The phrase "don't judge a book by its cover" can seldom have been more apt. The front cover of "Crown Covenant and Cromwell: The Civil Wars in Scotland 1639 - 1651" by Stuart Reid shows part of a painting by the artist Andrew C. Gow entitled "Cromwell Prepares to Fight the Scots at Dunbar". It is, therefore highly relevant to the subject, as the Battle of Dunbar is given detailed treatment within the book. Unfortunately the end result is a truly dreary cover, and there is a danger that readers might conclude that what they have in their hands, and are about to replace on the shelf in the bookshop as a result, is a truly dreary book.
Stop right there, and look again: only a little more carefully this time. What Stuart Reid has produced is a wonderfully researched, highly authoritative and extremely well written account of the military side of the conflict that swept across Scotland, and involved Scots troops in England, in the years between 1639 and 1651: a conflict the author refers to as the Great Civil War, and which formed part of what are sometimes called the Wars of the Three Kingdoms. Many books have been written about the story of this extraordinarily complex period from the point of view of the political or religious issues that arose. Stuart Reid makes reference to this background, but his focus is very explicitly on the conduct of the battles themselves, and the actions of those directly involved. This book should be considered essential reading for anyone with an interest in the history of the period, and in particular anyone with any interest in Scottish or Civil War military history.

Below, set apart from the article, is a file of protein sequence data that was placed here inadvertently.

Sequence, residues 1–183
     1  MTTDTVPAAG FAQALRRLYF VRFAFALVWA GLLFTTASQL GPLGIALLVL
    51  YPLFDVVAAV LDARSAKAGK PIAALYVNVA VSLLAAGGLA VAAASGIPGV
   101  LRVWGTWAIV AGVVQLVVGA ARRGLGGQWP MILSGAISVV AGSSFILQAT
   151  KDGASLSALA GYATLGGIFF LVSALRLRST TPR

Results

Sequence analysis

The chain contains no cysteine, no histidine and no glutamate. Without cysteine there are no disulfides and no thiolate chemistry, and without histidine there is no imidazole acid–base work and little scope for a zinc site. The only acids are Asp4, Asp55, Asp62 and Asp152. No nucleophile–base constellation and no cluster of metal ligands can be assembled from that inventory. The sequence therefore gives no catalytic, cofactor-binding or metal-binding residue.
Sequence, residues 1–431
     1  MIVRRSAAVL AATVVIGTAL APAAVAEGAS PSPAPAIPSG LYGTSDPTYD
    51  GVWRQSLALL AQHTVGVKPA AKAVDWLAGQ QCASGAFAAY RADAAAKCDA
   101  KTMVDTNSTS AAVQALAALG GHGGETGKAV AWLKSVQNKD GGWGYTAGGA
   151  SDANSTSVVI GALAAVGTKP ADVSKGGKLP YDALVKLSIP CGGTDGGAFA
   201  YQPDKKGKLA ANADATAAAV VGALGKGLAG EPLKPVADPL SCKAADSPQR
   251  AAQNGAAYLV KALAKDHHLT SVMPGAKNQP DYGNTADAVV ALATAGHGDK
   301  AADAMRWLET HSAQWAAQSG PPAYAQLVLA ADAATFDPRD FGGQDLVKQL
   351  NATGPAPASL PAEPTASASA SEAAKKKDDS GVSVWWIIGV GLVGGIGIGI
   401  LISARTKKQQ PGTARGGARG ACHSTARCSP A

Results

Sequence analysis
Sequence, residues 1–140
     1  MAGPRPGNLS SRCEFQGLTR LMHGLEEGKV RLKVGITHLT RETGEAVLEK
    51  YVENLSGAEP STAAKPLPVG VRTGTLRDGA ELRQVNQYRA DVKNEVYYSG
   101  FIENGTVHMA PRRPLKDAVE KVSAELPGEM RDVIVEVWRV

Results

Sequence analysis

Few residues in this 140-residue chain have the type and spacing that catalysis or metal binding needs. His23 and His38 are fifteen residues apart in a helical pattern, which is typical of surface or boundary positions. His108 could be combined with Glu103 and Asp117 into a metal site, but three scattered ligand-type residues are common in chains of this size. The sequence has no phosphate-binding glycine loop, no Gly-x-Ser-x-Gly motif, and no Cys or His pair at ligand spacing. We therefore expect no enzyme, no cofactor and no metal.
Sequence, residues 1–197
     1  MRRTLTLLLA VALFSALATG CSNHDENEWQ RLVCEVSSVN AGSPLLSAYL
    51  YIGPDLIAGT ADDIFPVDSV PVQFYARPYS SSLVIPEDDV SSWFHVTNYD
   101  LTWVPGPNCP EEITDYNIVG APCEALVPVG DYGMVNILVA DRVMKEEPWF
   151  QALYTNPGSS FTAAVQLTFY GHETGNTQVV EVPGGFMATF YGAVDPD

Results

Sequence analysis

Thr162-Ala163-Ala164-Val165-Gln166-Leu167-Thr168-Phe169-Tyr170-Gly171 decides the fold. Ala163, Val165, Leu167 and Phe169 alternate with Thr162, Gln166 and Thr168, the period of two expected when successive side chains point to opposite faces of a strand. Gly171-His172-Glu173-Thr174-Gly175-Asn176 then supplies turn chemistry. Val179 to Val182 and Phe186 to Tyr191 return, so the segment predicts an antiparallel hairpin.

The opening chapter sets the scene, and many readers who only know the political background might be surprised to find that as late as the middle of the 1600s battles could be, and sometimes were, won or lost on the outcome of a sort of "push of war" between bodies of men carrying pikes. We then move on, briefly, to the origins and causes of the conflict before settling down to the real core of this book, detailed accounts of battles fought either in Scotland or involving Scots armies in England.
Much of the early action is on England, and the early battles are described without the benefit of maps of what took place. When the reader finds, on page 47, that the deployment of one of the armies at the Battle of Marston Moor "is usefully recorded in a plan sketched out by Sir James Lumsden", the natural reaction is "why not show it to us then?" Never fear, the action soon moves back to Scotland, and from the chapter on the 1644 Battle of Aberdeen onwards, the detailed analysis of each battle comes complete with one or more maps helping the reader visualise what took place and tie events to a modern map.